The South Dakota Library Association is supporting legislation that would permit the creation of library districts.

The bill, which is being drafted by Sen. Bruce Rampelberg, R-Rapid City, would allow a library district to be formed for the purpose of constructing, maintaining and managing a library.

The impetus for the legislation comes from Hot Springs Mayor Don De Vries, according to Larry Nelson, a lobbyist for the South Dakota Library Association. Nelson discussed the proposed legislation with a group of librarians at the Rawlins Library in Pierre on Thursday.

In order to create a district, a petition would need to be filed with the commissioners of any counties that would be affected by the creation of the proposed library district. County commissioners would then hold a hearing to determine whether or not to hold an election regarding the issue. The legislation also provides county commissioners the option of creating the district without the formal petition process.

Rampelberg said if the proposed district were approved in an election, then the district would be implemented. The legislation would not automatically create districts, Rampelberg said. Rather, it would allow people to form a district, like firefighters or a water district, where citizens can vote to impose a levy on themselves, he explained.

Upon creation of the library district, a district would be allowed to raise money. The legislation would also create a board of trustees for the library district. The trustees would be elected.

In addition to the library district bill, some librarians expressed interest in adding libraries to the list of

community safety zones, which includes schools, public parks and pools. By designating public libraries as community safety zones, it would be illegal for convicted sex offenders to use the library for the purpose of making contact with children. “We want to ensure people’s safety,” said Stephanie Bents, a Rapid City librarian.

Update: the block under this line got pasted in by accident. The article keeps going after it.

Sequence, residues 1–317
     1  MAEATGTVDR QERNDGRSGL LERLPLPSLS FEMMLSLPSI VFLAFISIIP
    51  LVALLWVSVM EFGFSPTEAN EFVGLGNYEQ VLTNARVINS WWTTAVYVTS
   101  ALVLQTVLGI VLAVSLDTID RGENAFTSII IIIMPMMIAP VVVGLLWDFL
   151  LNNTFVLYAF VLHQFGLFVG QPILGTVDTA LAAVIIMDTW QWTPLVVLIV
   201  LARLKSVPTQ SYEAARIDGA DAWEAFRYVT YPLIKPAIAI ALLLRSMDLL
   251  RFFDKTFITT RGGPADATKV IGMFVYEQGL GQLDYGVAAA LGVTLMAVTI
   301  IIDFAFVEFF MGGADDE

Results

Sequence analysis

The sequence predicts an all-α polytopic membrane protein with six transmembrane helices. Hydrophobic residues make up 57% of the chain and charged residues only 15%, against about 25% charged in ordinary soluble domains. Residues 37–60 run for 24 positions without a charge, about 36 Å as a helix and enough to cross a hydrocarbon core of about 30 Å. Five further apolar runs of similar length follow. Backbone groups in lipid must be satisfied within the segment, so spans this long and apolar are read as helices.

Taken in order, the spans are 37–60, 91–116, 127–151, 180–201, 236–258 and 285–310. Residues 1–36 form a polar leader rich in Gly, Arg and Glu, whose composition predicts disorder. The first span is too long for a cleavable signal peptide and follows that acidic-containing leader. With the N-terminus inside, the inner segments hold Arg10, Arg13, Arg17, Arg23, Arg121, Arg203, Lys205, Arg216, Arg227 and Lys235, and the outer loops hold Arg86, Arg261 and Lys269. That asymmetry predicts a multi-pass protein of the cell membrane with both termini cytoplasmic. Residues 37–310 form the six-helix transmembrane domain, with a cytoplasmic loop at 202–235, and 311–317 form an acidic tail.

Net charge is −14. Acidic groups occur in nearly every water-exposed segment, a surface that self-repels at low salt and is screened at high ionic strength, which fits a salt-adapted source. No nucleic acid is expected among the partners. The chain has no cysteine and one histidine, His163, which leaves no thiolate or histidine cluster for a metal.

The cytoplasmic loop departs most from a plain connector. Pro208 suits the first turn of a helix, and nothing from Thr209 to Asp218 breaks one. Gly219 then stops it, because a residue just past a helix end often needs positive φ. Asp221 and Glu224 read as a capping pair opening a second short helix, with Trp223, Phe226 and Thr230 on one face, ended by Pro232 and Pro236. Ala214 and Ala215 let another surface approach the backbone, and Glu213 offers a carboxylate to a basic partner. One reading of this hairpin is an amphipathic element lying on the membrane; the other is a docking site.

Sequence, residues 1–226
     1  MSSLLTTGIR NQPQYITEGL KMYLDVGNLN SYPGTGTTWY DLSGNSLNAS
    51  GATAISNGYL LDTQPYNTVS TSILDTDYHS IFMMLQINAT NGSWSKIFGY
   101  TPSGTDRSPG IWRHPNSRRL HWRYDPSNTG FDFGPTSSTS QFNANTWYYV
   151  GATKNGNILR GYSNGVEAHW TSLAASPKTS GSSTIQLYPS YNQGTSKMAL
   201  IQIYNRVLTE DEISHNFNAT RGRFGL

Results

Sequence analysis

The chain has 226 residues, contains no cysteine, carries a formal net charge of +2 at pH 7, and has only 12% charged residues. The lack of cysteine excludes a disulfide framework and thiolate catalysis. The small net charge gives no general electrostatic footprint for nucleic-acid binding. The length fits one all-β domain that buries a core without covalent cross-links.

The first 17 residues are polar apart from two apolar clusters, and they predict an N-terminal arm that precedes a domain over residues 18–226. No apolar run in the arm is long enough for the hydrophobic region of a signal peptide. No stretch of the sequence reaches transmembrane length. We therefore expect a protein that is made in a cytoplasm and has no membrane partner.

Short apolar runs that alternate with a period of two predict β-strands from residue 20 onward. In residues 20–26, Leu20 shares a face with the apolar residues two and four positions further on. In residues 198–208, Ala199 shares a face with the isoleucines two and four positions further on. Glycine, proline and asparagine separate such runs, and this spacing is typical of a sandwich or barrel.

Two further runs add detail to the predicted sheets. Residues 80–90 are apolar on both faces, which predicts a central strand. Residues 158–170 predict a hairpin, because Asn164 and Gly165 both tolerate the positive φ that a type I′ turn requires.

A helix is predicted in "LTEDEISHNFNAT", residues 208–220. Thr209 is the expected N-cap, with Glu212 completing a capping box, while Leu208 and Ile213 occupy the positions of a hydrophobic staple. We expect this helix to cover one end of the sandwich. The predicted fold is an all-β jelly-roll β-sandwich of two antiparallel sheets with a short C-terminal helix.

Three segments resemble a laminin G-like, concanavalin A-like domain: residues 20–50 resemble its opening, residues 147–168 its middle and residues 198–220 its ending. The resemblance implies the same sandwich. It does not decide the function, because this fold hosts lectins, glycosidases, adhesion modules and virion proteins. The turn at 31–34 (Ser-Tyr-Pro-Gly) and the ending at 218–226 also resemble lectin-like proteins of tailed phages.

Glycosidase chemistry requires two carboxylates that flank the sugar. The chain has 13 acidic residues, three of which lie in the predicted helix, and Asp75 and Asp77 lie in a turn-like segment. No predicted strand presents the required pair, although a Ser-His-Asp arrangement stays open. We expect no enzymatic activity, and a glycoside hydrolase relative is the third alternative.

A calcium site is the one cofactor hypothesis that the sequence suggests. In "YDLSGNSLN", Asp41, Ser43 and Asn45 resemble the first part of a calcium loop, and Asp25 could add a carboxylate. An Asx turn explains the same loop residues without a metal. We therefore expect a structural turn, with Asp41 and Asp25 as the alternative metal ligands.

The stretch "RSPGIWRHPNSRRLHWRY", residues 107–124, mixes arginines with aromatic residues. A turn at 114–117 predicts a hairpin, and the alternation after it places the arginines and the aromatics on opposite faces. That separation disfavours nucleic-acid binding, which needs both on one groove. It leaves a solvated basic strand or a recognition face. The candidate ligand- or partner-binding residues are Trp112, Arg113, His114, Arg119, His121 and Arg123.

Adding libraries to community safety zones would require legislative action. Despite vocalized support on Thursday, the South Dakota Library Association has not been presented with any legislation pertaining to community safety zones.

The library association does not draft legislation, said Kathy Jacobs, chair of the legislative committee for the South Dakota Library Association. Rather, the association weighs in on proposed legislation that would affect South Dakota libraries.

Rampelberg said he expects to introduce the library districting legislation in the near future. Rep. Mike Verchio is sponsoring the bill in the house, Rampelberg said.

Although he said it will be difficult to pass in the Legislature due to the sensitivity of tax issues, Rampelberg remained hopeful that his colleague would understand the nature of the bill. “If they understand that it is entirely permissive and about local control – the things we believe in – maybe that will carry the day.”

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